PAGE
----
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    Nanostructured Ceramics

    This work was funded by the Office of Naval Research (ONR) and was performed in collaboration with Advanced Ceramics Manufacturing, Tucson, AZ. The research goal of this effort was to develop strategies to reduce the size of the grains (crystals) in silicon nitride materials in order to improve properties such as toughness and hardness. (Silicon nitrides are being developed for use in high-temperature structural applications but their lack of toughness has proved to be an impediment.) Strategies such as the addition of nano-sized secondary phases such as carbon nanotubes were developed and shown to be effective in refining the microstructure and improving the toughness of these ceramics. Two graduate students obtained a Masters degree based on this work. Two ME undergraduates spent a summer each assisting in this research project.

    Delamination in Laminated Composite Materials

    This project, funded by ONR and Materials Sciences Corporation, PA, explored analytical methods for predicting fractures at interfaces in laminated composite materials. A method was developed, using principles of solid mechanics, to calculate parameters that can predict when fracture can occur at the interfaces of layered materials. Three graduate student Masters theses contributed to this work.

    Mechanics of Shape Memory Alloy Composites

    This project, funded by ONR, explored the mechanical behavior of a special class of metal alloys called shape memory alloys. Shape memory alloys have some unique properties wherein their shape can be changed quite significantly and then restored by a simple heating action. The concept explored in this research was to create structural composite material parts with embedded shape memory alloy wires which would allow the parts to be reconfigurable. A nonlinear, micromechanics-based analytical model was developed to predict the behavior of shape memory alloy composites. Two graduate students wrote their Masters theses based on some of this work.

    Constitutive Model for Carbon Carbon Composite Materials

    A constitutive model has been constructed for a Carbon/Carbon composite material that is used in the leading edges of the space shuttle. This model has been integrated as a user material subroutine in the finite element code ABAQUS.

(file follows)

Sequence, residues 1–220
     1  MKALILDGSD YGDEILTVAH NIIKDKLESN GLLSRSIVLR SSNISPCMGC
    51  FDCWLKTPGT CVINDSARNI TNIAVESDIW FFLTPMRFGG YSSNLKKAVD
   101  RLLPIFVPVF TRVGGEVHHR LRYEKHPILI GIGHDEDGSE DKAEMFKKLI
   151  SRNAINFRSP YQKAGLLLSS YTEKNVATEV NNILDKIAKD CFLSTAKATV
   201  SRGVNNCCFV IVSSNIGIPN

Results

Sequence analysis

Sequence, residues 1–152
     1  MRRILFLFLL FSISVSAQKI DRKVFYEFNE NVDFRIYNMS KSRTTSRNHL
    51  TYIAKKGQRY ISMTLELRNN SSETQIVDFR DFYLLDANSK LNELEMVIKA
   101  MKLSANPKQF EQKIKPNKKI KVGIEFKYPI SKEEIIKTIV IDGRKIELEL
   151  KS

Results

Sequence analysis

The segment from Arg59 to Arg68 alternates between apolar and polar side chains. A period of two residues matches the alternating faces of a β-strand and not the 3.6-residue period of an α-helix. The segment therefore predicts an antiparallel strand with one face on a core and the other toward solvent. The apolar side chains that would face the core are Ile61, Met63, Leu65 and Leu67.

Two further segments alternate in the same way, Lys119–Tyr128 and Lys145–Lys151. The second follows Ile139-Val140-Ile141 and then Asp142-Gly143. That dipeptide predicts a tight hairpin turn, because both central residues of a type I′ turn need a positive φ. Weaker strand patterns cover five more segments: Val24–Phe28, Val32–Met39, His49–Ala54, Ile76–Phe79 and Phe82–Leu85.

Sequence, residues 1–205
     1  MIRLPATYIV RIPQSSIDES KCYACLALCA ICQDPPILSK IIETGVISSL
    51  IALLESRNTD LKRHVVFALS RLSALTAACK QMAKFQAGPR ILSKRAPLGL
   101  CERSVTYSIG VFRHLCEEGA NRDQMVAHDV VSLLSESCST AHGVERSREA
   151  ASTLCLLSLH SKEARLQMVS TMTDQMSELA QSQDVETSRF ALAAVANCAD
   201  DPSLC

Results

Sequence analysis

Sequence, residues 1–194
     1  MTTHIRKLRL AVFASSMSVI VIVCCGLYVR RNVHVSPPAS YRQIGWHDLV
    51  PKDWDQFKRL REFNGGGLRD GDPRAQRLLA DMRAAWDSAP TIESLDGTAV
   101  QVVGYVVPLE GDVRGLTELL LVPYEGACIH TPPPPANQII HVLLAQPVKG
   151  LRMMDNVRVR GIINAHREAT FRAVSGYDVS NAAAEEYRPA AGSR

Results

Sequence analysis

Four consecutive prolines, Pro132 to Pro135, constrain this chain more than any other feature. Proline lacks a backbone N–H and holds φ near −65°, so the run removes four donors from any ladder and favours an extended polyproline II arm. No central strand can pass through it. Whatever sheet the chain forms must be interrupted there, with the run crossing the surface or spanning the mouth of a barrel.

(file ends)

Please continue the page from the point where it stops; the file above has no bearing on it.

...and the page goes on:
Fabrication and Characterization of Biomimetic Ceramics

    Great complexity in structure is seen in nature’s biological composites. These natural biocomposites achieve a damage tolerance 10,000 times higher than their individual constituents via a multi-length scale (third order), crossed lamellar architecture. In this research project, we plan to work with Advanced Ceramics Manufacturing (AZ) to improve the damage tolerance of ceramic systems by mimicking the crossed lamellar microstructure found in sea shells such as Strombus Gigas. It is believed that processes similar to those used in Fibrous Monolith fabrication could be adapted to engineer third order biomimetic micro-structures. Ultra tough ceramics would enable impact resistant turbine blades, multi-hit capable armor, high performance – high reliability rocket motors, chip resistant cutting tools, and more reliable hard tissue medical implants. This project aims to develop an advanced, biomimetic, damage-tolerant, ceramic composite material for high performance structural and thermal protection applications. These ceramics will have high toughness, the ability to resist corrosive environments, and the possibility of use in thermal protection systems. This work is funded through an SBIR Phase I grant from NSF.

    Lightweight Structures in Roadside Blast Protection

    Enhanced energy dissipation in a blast protection system is considered in this work. Our approach is to consider materials and structures historically used in lightweight blast-protection systems like an array honeycomb cells and improve the energy dissipation ability. This work is funded by ONR through a Phase I SBIR grant to Ablaze Corp.